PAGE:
This week, five musicians who had provided live music for War Horse on the West End for four years before being axed last year lost their legal big to be reinstated.
It was clearly a cost cutting move, and the National admitted that was part of the motivation for the change. It’s sad when producers make changes to shows in the name of economy, but heck, this is a business, and it’s understandable given the harsh realities of commercial theatre today. But in defending the move, the National Theatre went further. Nick Starr, executive director of the theatre, stated
The National Theatre’s artistic judgement, made by those with the expertise to assess such matters, is that a live band does not provide the same quality and impact of performance as can be produced through the use of recorded music and professional actors
It’s hard to see this as anything other than disingenuous. Firstly, the musicians had been a part of the show since it opened on the West End. What has happened in the intervening years to convince ‘those with expertise to assess such matters’ that the inclusion of live musicians – a founding element of the production – is no now longer in the show’s best artistic interests?
The words ring especially hollow coming from a theatre which, during the often overblown era of Hytner’s leadership, has at times been notable for throwing live musicians into just about everything. Though less prevalent now, a few years ago you couldn’t swing a cat in the Olivier without hitting a musician. Sometimes this enriched the production – a memorable example being Deborah Warner’s Mother Courage and Her Children in which Duke Special shared the stage with Fiona Shaw, with songs that were an indisputable pillar of the piece – but often, they performed the exact function of simply playing music that might as well have been recorded, as if the National just wanted to fill those draughty corners of the Olivier.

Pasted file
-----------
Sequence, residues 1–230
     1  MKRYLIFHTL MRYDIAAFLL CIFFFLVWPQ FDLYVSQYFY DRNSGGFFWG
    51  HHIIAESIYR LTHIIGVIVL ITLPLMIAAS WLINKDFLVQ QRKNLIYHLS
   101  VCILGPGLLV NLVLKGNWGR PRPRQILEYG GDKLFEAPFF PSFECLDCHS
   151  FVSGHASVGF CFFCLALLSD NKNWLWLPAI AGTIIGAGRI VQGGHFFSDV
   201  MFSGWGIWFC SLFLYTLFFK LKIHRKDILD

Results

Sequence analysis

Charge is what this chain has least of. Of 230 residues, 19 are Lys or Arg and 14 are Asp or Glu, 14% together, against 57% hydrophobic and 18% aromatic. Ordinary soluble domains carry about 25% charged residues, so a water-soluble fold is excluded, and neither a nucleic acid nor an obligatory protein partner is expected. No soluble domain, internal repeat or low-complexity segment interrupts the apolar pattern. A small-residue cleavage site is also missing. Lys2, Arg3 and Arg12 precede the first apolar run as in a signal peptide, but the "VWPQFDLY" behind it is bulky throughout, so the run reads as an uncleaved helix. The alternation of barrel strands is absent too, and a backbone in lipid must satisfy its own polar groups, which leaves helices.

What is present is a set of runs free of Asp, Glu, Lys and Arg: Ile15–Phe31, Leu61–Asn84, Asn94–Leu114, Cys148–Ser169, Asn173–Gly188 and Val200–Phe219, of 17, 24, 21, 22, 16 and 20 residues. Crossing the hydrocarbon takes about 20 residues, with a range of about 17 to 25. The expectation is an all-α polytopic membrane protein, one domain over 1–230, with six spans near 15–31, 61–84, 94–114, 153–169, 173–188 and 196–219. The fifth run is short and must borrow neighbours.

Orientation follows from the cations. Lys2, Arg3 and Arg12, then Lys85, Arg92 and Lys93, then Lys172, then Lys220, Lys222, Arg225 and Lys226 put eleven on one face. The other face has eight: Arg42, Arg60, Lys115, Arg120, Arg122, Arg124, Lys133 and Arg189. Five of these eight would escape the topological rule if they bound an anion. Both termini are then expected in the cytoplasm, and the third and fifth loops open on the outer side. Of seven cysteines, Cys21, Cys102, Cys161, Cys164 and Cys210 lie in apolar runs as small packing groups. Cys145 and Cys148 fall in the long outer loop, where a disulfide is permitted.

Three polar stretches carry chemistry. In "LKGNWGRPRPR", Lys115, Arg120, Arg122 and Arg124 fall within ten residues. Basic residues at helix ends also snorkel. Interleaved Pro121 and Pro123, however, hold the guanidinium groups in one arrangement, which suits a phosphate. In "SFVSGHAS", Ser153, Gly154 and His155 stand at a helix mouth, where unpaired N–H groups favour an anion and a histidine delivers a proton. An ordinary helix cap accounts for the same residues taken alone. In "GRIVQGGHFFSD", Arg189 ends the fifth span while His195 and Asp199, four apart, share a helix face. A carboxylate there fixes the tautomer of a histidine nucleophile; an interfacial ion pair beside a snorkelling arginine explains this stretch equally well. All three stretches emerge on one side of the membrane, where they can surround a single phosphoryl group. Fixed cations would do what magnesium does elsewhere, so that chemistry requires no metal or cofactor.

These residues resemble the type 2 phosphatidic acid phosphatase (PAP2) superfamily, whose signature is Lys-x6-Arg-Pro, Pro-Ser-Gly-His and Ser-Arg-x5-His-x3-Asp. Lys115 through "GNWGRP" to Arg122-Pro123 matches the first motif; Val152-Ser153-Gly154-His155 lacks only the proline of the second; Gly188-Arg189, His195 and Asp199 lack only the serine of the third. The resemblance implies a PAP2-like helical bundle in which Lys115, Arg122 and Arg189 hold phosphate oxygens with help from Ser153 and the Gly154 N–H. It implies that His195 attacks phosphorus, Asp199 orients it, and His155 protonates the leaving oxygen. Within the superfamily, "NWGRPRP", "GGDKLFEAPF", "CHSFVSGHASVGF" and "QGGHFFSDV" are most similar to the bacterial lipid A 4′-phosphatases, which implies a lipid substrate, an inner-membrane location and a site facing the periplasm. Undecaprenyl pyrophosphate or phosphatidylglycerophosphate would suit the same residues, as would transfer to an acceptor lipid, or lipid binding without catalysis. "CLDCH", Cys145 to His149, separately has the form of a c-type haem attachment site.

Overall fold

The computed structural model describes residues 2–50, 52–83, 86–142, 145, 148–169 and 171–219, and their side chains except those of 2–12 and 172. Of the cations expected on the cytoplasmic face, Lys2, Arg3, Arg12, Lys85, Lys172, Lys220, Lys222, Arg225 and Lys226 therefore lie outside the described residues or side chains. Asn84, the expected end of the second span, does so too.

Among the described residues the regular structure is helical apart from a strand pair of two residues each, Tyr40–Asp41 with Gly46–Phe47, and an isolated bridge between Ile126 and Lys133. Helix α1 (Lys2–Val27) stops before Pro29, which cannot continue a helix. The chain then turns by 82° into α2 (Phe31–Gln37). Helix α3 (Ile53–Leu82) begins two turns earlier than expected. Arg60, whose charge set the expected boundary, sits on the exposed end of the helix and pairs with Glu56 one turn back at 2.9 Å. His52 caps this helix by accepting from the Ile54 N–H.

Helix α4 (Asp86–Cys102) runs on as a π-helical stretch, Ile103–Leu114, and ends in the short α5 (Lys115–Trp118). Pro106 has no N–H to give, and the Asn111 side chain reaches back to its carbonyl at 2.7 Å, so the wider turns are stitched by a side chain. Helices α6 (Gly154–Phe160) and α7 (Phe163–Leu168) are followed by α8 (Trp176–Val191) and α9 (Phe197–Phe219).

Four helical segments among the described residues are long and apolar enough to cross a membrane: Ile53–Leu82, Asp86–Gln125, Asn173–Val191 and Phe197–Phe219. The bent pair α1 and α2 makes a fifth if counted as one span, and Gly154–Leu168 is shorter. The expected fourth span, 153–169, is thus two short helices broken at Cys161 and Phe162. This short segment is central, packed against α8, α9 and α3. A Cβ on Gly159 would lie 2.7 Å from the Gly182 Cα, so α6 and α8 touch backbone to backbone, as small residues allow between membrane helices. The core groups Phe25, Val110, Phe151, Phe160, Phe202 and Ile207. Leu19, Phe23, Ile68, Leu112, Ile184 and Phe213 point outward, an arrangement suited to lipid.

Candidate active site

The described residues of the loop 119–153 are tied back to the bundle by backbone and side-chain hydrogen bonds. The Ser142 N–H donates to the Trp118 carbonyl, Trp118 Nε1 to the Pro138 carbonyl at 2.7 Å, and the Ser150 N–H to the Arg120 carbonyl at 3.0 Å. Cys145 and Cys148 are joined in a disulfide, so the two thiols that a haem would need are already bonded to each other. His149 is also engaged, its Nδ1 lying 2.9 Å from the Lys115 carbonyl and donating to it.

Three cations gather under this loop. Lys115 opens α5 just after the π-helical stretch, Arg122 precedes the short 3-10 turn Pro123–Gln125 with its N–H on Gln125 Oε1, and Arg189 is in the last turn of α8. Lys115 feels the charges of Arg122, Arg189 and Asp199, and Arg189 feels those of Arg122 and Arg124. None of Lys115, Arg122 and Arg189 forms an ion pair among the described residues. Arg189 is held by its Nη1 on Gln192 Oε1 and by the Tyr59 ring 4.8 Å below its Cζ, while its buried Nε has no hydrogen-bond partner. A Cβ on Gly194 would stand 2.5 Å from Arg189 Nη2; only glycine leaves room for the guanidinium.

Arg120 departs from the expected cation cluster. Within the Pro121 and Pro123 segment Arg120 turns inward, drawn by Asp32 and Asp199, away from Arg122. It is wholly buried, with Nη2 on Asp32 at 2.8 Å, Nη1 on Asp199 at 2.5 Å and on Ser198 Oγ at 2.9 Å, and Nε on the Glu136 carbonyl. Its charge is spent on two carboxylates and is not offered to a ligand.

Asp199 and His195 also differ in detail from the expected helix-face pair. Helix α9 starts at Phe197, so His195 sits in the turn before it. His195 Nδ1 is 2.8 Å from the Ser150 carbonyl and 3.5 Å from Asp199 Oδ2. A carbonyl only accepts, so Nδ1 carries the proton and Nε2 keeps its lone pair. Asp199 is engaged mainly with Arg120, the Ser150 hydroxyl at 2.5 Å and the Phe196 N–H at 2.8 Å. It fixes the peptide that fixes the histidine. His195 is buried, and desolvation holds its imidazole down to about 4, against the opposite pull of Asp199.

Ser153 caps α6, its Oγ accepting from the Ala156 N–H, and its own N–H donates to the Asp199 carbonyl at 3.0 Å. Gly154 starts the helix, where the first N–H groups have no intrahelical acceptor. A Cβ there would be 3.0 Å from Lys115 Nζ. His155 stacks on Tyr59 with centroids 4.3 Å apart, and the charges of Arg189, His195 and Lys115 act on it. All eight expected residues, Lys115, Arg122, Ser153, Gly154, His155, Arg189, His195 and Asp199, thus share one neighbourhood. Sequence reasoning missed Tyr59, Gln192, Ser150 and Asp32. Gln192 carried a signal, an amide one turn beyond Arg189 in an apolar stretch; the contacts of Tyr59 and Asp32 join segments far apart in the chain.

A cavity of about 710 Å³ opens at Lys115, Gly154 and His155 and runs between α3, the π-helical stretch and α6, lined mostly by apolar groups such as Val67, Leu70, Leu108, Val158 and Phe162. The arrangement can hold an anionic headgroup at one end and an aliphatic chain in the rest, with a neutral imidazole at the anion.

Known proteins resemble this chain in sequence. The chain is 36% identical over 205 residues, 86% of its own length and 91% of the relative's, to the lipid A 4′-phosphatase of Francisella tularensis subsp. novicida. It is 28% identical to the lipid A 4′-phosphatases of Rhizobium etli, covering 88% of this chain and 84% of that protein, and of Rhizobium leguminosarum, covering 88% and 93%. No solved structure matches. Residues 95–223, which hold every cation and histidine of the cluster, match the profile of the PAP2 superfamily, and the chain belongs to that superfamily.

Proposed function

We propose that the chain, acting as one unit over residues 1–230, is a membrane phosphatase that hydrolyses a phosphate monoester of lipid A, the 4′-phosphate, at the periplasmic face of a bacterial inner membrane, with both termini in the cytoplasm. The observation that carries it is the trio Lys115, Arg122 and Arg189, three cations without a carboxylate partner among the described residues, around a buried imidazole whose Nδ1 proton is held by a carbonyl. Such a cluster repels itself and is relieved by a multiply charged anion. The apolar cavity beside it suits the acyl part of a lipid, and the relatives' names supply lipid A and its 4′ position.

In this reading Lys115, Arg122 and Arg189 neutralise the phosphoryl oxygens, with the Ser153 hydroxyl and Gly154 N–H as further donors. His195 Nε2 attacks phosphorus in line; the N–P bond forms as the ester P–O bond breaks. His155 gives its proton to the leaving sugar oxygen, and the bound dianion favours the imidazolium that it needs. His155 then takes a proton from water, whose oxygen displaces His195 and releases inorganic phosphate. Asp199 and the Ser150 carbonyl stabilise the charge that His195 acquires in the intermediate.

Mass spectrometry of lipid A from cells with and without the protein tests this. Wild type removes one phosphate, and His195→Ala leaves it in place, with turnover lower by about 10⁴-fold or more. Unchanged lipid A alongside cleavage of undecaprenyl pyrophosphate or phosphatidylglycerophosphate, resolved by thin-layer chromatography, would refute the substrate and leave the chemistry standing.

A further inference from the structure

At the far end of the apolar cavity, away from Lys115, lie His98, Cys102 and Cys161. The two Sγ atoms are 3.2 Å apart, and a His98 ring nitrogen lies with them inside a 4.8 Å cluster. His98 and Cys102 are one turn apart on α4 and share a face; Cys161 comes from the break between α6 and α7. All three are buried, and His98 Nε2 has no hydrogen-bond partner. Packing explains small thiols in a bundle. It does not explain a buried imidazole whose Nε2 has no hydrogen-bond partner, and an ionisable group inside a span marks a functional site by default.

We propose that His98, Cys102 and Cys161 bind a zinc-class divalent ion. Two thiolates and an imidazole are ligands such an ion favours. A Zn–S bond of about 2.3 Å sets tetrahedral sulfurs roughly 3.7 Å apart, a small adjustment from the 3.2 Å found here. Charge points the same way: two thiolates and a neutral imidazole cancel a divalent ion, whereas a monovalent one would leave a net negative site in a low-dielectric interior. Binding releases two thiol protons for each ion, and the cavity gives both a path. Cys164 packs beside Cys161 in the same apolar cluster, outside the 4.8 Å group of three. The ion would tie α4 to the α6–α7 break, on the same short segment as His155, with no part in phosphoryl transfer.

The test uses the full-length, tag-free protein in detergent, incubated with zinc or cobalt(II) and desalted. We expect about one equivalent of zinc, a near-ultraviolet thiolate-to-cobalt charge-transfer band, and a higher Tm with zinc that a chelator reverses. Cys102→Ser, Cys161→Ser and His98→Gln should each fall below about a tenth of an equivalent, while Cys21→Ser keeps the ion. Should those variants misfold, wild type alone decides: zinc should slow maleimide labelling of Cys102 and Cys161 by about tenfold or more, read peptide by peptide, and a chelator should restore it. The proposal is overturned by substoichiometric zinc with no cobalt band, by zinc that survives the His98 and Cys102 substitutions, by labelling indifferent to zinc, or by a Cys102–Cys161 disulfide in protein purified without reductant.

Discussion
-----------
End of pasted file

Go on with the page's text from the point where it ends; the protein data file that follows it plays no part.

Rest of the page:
Don’t get me wrong, I don’t believe that live musicians necessarily enhance theatre. John Doyle’s famous production of Sweeney Todd where the actors all played their own instruments, for example, was an interesting experiment but ultimately served to confuse and distract from the story and characterisation. But used for the right reasons, and in a certain kind of theatre, music can be one of a director’s most effective tools.
The use of music at the Globe instantly springs to mind. Lacking the design shortcuts of today’s theatre, music and live sound was one of the key ways of expanding the horizon’s of a play’s world. But more than that, Shakespeare’s theatre had a different social function. There’s a keen sense in Shakespeare’s work of gathering, of people coming together, huddled in the embrace of the Globe as day turns to night and stars fill the sky. Together, the actors and the audience share in a communal process of storytelling, one in which collective disbelief is abandoned and something magically transporting is made from the barest of physical resources and a boundless store of imagination.
War Horse is, of course, not Shakespeare. But its effect, and I think the reason so many people around the world love the show, is much the same. It’s a show that asks us to believe that a tangle of fabric and wire is a horse. It asks us to go with this ‘horse’ on a simple yet incredible journey and invest more of our hearts into it than the greatest of Shakespearean heroes. To suddenly decide that the folk musicians who help weave and colour this story are no longer necessary is a bit like saying that the puppeteers who give the horse life are no longer necessary, and could more effectively be replaced with animatronics. The live musicians are, in the same way, integral to the aesthetic of the show as it was.
Producers sometimes have to make tough decisions and change their shows for reasons other than art. It’s unavoidable. But when they do so they shouldn’t betray the hard work of artists, or seek to deny the original vision. War Horse, as they have pointed out, works very well in its many international productions without the musicians. But when they removed them from the London show, they changed it. Perhaps they should have the guts to admit it.